A while ago me and my boyfriend wanted to treat ourselves and have a nice day out, so we booked some tickets for the theatre online. And this Thursday the day finally came when we went to see THE RULING CLASS at Trafalgar Studios in London! This play has been getting quite a lot of attention from the media, and it is needless to say I was super excited, nervous and anxious at the same time. The last time I’ve seen a play was in Brazil, over 5 years ago, when me and my parents went to see Verdi’s La Traviata.
Now, I cringe a little about calling this a “review”, since I am by no means a critic or even experienced in this field to be able to judge, but I’ll stick with it due to the lack of a more appropriate expression. My only intention is to write about the experience I had watching the play and my own, unbiased opinion about it. I thought that, for once, it might be interesting to read a review from a normal, young person who enjoys theatre, as opposed to your regular smug old critic with texts so puffed up you have to google most of the words to understand what they’re all about.
This being said, let’s proceed…!
The Ruling Class was originally written by Peter Barnes in 1968 and turned into a movie in 1972. This has been the first time the play has been revived by British Director Jamie Lloyd. It’s the story of Jack Gurney, 14th Earl of Gurney, who inherits his fathers estate after his accidental death during a bizarre session of erotic asphyxiation, dressed in a tutu. But – Jack suffers from paranoid schizophrenia, a condition that makes him believe he’s Jesus Christ (or JC, if you prefer). Deeming him unfit, his family plots against him to take the estate away from the insane heir.
The story sounds pretty intriguing on its own, but what makes it even more special is the fact that the main character, Jack, is played by no one less than Hollywood star James McAvoy (The last King of Scotland, Filth, X-Men).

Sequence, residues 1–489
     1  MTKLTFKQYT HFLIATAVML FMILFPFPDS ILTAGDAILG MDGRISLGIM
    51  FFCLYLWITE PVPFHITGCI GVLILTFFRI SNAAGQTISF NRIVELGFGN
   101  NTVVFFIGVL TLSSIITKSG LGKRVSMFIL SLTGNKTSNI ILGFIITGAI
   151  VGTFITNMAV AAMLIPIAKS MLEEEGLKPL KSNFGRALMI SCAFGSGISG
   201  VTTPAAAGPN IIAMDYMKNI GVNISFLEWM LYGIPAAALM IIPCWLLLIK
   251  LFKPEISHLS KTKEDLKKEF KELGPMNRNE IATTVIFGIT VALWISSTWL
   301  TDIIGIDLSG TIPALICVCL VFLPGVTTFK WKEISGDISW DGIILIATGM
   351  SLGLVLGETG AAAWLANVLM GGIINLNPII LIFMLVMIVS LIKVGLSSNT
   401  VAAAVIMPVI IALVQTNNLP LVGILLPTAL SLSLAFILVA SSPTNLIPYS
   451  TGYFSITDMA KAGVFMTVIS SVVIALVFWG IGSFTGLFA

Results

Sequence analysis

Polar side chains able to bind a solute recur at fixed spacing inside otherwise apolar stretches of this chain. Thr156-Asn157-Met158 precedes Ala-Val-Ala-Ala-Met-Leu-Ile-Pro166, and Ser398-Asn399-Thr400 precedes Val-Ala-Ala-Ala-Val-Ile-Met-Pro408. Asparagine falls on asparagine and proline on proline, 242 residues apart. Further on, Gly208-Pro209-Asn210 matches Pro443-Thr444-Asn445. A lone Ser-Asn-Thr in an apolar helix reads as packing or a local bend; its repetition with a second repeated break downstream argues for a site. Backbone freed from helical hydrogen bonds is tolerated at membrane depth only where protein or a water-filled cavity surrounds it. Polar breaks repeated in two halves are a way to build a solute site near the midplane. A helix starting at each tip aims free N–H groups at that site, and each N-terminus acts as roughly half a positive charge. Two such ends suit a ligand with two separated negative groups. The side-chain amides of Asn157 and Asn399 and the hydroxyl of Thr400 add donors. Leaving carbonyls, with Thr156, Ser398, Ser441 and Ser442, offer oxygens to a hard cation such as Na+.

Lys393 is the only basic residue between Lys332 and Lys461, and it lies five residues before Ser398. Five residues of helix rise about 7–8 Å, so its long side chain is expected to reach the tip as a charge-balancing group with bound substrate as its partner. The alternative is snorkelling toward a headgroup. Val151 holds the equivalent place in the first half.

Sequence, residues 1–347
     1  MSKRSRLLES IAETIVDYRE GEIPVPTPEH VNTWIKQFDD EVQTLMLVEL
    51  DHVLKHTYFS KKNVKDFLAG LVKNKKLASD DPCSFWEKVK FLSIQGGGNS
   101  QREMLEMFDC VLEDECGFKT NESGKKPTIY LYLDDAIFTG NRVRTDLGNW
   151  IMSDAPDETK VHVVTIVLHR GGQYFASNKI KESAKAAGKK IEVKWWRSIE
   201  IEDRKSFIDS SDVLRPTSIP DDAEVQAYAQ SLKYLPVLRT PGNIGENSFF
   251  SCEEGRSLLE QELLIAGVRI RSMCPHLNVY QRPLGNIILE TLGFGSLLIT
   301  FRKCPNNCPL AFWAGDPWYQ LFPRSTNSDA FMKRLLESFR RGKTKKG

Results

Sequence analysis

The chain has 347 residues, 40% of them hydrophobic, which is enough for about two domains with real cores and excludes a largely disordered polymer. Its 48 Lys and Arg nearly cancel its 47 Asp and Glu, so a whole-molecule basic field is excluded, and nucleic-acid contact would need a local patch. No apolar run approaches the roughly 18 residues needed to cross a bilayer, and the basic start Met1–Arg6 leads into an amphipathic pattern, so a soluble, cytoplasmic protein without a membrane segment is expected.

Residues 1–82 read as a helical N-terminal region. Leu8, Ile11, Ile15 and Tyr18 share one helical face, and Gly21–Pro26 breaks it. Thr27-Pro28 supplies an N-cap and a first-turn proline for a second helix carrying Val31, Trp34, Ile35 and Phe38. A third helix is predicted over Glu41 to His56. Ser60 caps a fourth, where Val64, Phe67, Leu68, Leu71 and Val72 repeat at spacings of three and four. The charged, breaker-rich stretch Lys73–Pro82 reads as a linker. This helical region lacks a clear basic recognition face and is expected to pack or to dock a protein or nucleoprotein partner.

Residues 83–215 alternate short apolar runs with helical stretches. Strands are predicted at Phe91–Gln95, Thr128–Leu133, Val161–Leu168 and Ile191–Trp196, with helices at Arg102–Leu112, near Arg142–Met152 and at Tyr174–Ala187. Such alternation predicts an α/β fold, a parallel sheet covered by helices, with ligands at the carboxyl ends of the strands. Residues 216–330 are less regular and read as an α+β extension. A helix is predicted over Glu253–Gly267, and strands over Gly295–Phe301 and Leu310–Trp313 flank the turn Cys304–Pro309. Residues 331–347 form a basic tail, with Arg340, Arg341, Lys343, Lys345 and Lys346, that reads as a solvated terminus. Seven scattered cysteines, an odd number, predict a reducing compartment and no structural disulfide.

I remember the first time I saw McAvoy was in “Becoming Jane“, where he played Jane Austen’s love interest, Mr. Tom Lefroy. I absolutely loved the movie (as I do with everything related to Jane Austen) and did so specially because of Mr. Lefroy. That charming smile, those big, pleading blue eyes…you got it!
But I digress; let’s get back to The Ruling Class. I had never seen a play in England before and because we booked the tickets months ago, I had forgotten where our seats were. To my astonishment we were seated in the first row, right in the middle. God, how could I have forgotten that?!
But I only realised what it really meant to be so close when the lights went dark and the curtains opened. There, just before me, so close I thought I could reach my arm out and touch them, stood the first two actors and started with the introduction. There was no stage, no barriers, nothing. Just a bit of empty space separating us from the smartly dressed actors in front of us. Having never had an experience like that, I was FASCINATED. It reminded me of how much I used to enjoy the trips to the opera with my parents, how I could just forget where I was and immerse into the story taking place in front of my eyes.
The first minutes of the play already had me giggling and mildly shocked at the same time, and I admired the language, the typical British accents and the expressions I was seeing and hearing.
But my heart really skipped a beat when, out from the dark, a figure, completely dressed in a brown monk’s robe, face hidden, slowly walked into the light of the stage. As he slowly pulled back his hood my mind frantically repeated “it’s him, it’s him”. Smiling sheepishly, he glanced around himself for a second before saying “hello” in a sly voice, making the audience burst into laughter.
Yes, admittedly, I had strong fangirl moment there. But honestly, can you blame me for it? After all, I never imagined I’d see an actor I had admired on the telly for many years standing so close to me. Breathing. Moving. Real. It was really happening.
And it was brilliant.
I wasn’t exactly sure what to expect from The Ruling Class, apart from what I’ve read in the description and some other online reviews. And, since the play has been running for a while now, a part of me wondered whether the cast would eventually get a bit tired of it and loose some of the motivation. Thankfully, my worries were completely unnecessary; what we got to see during those 2.45 hours was simply amazing.